Rep. Chip Pickering says he expects the 2004 elections to reflect an “evenly divided” electorate with close races to determine the presidency and control of the House and Senate. Speaking at the Mid-South Farm and Gin Show in Memphis, Tenn., the Mississippi Republican gave an assessment of what may happen when voters go to the polls in November.
“Of the 34 Senate seats that are up for a vote, 19 are held by Democrats and 15 by Republicans,” he said. “Of those, the most critical are the open seats with the greatest possibility for change. Seven seats — five Democrats and two Republicans — are open.”
The location is also important, he noted. “In the South, since 1994, the trend is going to the Republican and conservative side. North Carolina, South Carolina, Georgia, Florida and Louisiana have open seats now held by Democrats, members who are retiring.
The open seats held by Republicans are in Oklahoma where Sen. Don Nickles is stepping down and in Illinois. “The best chance for the Democrats to pick up a seat is Illinois,” he said. “Oklahoma will be a tossup.
Two seats held by incumbents are also viewed as tossups, one in Alaska, held by a Republican, and in South Dakota, where former Congressman John Thune is challenging Minority Leader Tom Daschle.
“The Senate race in South Dakota could help determine whether the Senate passes the energy bill,” said Pickering. “The question may be how much pressure Sen. Daschle is willing put on fellow Democrats to allow the energy bill to pass and win re-election.”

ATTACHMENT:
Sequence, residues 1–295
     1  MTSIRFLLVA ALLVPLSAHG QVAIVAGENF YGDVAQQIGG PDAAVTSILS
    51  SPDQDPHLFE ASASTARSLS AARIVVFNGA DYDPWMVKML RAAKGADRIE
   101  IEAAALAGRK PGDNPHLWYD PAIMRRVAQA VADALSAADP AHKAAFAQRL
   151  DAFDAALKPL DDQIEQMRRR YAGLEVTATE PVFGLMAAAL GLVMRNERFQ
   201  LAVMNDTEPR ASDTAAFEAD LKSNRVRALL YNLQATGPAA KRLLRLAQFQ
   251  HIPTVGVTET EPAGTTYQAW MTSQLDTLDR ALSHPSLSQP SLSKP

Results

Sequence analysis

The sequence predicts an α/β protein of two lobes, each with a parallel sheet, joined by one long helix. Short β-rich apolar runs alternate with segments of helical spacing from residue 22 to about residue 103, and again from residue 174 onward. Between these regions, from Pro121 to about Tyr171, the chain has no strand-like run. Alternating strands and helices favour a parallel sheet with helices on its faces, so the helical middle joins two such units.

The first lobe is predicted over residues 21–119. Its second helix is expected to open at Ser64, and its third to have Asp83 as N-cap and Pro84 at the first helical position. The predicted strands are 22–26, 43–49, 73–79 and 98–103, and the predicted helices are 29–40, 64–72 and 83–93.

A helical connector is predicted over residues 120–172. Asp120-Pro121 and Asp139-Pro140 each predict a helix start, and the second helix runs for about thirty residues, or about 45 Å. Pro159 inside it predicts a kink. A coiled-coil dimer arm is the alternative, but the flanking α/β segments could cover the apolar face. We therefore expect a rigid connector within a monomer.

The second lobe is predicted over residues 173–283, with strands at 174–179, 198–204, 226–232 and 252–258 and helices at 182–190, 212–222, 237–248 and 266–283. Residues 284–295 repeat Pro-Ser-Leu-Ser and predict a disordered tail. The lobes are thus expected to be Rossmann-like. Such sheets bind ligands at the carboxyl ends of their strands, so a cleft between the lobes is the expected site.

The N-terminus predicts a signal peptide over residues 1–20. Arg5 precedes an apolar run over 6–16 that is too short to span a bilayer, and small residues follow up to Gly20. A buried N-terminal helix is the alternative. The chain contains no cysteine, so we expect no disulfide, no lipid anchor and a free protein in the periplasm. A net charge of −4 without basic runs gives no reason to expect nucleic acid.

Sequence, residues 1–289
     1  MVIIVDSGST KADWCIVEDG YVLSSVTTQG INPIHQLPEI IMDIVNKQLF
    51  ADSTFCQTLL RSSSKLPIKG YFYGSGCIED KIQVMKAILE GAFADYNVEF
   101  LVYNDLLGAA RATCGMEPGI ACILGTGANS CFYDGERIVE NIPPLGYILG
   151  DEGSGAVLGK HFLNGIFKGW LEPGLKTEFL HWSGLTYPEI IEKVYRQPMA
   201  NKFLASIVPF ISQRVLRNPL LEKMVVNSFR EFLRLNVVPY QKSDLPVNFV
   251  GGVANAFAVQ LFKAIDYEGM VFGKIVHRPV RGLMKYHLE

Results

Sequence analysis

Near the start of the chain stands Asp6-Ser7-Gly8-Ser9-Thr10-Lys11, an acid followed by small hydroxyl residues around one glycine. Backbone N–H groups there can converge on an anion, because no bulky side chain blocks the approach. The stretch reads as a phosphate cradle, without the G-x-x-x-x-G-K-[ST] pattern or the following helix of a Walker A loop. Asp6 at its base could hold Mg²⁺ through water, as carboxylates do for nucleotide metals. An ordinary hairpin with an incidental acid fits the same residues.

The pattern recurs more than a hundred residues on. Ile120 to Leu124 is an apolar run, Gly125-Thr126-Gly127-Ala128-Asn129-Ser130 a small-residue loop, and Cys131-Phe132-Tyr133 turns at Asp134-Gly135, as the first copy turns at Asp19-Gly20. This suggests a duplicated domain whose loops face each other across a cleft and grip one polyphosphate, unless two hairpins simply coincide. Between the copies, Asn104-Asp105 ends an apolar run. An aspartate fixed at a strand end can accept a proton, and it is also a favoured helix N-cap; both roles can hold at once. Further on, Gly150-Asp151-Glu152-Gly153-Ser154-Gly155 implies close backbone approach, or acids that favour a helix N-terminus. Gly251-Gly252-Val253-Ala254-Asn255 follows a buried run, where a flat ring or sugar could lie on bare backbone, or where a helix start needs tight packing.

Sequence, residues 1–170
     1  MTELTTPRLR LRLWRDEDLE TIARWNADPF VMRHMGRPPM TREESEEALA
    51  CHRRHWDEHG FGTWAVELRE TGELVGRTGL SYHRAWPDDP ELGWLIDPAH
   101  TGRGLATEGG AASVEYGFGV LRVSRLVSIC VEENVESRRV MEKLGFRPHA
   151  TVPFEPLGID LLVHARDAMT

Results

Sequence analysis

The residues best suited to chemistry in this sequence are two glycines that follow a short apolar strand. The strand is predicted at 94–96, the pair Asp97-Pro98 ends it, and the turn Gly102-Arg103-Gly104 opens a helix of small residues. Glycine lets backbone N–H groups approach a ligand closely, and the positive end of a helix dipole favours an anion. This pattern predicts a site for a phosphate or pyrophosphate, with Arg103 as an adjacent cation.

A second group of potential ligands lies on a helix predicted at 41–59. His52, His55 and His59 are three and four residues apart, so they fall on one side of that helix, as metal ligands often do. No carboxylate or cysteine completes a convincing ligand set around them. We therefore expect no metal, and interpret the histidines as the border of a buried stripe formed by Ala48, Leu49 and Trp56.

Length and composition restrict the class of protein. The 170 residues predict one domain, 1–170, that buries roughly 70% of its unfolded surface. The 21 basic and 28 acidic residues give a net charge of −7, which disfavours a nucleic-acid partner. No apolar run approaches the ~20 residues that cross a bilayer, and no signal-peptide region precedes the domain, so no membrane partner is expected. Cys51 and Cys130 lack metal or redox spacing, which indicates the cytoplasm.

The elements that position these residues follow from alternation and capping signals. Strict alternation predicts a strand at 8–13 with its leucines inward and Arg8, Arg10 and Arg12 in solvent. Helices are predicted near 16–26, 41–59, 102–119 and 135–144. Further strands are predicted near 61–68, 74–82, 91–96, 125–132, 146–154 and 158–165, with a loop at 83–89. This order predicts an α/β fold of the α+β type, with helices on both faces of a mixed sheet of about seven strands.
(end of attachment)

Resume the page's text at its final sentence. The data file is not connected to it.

Of the 435 seats in the House, less than 10 percent are expected to be seriously contested. “Only 28 House seats are rated as competitive,” said Pickering, “and redistricting in states like Texas could have an impact on those races.”
The formerly mostly Democratic House delegation from Texas is now evenly divided. Partly as a result of last year's highly publicized redistricting fight, Republicans expect to go from 16 to 20 seats in November.
Pickering and others expect the House to remain Republican and for Republicans to pick up a few more seats beyond their current 228-205 majority. Republicans also believe they can win three or four more seats in the Senate.
“That will not be enough seats to stop the filibusters that Democratic senators have used to stop legislation such as the energy bill that failed to pass the Senate in December,” he noted.
Pickering also anticipates President Bush will be in “a very competitive” race for re-election, one in which redistricting will also play a role. “Mississippi lost a seat in Congress and will have six electoral votes in 2004. Georgia and Texas, on the other hand, are adding seats.
“It will be interesting to see how the Democratic frontrunner, Sen. John Kerry's very liberal voting record will play in the South,” he said. “If he can't make inroads in the South, that will give President Bush a base of 168 electoral votes to start from.”